Reporting Humanitarianism: Are the New Electronic Media Making a Difference?
Edward R. Girardet
ARE WE ANY better informed today about the world's conflicts, humanitarian crises, or environmental disasters than we were, say, two decades ago? Has the age of the satellite dish, the Internet, and other forms of electronic media really improved our capabilities of understanding Afghanistan's continuing madness or why up to half a million people were murdered in Rwanda? Or are we simply deluding ourselves that this massive onslaught of information is indeed providing us with the sort of quality data and insight that will enable us not only to grasp what is happening, but to deal more effectively with such crises?
As a journalist who has covered wars, refugee crises, and other forms of humanitarian predicaments in Africa, Asia, and other parts of the world for over fifteen years, I am not convinced that we are in any way better informed today than we were during the 1960s or 1970s. Despite having far greater access to an overwhelming surfeit of information sources than ever before, the public (and policymakers, for that matter) may not really have a more enlightened command of the humanitarian state of affairs in Angola, Afghanistan, or even the Bronx.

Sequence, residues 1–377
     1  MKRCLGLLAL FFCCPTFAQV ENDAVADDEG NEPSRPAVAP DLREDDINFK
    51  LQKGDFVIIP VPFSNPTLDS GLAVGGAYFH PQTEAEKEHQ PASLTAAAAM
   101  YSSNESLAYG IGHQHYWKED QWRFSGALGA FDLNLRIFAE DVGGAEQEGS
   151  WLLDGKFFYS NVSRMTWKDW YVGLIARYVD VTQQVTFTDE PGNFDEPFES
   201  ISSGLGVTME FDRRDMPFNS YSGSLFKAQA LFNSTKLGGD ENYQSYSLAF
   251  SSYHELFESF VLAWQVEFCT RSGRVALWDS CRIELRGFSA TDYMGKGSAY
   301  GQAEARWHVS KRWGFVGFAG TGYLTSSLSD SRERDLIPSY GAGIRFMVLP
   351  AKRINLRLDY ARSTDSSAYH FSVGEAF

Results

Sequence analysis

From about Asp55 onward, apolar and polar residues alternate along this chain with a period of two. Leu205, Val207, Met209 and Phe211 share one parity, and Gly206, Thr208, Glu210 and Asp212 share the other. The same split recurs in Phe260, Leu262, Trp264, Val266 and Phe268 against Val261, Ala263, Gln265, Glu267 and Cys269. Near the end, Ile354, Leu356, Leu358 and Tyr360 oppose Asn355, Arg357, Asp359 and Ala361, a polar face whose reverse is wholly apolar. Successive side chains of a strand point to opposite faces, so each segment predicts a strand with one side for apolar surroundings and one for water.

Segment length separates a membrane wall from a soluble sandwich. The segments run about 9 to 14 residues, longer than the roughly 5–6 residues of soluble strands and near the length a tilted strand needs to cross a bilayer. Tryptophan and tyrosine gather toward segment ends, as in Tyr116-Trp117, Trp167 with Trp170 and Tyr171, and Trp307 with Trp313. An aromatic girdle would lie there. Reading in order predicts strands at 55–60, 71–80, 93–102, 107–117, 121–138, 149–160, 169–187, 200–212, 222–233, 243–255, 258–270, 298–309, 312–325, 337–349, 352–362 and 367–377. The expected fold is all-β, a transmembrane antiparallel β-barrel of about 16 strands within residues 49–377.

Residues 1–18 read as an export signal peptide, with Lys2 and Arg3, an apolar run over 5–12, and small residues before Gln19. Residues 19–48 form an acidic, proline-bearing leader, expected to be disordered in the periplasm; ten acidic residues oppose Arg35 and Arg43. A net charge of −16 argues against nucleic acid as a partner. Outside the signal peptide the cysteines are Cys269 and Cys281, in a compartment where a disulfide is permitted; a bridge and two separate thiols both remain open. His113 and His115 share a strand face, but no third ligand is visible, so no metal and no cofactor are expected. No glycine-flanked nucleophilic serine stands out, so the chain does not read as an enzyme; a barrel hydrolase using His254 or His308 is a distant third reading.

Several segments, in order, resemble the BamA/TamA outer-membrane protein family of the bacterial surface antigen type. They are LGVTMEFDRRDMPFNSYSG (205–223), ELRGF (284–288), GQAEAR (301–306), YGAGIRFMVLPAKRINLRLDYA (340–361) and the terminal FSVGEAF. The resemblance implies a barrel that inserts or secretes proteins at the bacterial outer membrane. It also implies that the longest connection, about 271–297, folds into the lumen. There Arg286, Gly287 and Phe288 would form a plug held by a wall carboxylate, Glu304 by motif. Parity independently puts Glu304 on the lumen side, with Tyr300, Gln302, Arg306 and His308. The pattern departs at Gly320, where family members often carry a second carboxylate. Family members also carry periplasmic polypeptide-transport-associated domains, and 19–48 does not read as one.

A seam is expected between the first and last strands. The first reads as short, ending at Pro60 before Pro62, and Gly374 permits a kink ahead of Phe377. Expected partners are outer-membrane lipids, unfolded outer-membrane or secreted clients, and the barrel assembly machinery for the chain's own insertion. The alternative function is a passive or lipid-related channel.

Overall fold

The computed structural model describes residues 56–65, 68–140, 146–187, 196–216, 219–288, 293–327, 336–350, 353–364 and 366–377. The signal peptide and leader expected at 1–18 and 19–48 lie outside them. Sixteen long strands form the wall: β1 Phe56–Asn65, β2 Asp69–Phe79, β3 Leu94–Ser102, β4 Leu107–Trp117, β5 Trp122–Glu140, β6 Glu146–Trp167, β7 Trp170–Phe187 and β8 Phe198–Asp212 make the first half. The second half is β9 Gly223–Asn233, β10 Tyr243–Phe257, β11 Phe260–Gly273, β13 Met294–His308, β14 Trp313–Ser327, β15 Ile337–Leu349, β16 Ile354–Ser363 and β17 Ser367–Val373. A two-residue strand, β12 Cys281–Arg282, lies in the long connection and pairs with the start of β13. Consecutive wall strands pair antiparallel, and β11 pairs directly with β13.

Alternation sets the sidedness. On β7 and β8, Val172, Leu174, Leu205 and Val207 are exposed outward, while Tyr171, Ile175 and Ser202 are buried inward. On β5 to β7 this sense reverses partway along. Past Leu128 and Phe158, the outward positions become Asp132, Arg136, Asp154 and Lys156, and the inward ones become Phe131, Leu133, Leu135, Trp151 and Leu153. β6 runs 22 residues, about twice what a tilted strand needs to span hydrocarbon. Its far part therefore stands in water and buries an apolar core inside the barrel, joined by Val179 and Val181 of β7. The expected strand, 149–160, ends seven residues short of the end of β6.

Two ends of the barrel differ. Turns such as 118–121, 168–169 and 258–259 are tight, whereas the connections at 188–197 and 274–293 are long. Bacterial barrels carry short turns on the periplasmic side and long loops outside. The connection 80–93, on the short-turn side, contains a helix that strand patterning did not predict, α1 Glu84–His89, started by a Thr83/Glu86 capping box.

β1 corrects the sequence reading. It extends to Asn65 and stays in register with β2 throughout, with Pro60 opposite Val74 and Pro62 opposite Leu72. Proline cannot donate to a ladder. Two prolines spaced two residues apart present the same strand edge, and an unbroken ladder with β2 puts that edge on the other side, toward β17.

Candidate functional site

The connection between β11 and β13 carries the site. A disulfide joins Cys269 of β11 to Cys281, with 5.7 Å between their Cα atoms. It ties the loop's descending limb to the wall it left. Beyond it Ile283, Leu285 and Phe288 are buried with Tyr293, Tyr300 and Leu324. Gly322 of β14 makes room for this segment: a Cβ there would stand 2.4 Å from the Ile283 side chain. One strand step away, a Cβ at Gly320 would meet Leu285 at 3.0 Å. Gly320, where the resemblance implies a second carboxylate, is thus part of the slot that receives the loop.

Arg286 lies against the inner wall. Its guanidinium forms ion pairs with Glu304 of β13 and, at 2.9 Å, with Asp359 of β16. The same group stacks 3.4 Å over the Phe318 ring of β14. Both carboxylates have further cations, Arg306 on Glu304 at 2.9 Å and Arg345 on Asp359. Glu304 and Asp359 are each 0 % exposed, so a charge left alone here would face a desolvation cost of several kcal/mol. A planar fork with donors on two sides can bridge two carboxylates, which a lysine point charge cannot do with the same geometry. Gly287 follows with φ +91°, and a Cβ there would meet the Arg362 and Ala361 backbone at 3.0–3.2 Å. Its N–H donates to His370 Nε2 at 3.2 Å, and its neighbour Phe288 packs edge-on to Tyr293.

Attention spans are shorter and one can only absorb so much. Whether professionals or concerned members of the public, most people today simply do not have the time or patience to sift through this array of global data. Most still end up relying on a small selection of regular or proven outlets for their information: two or three television channels, a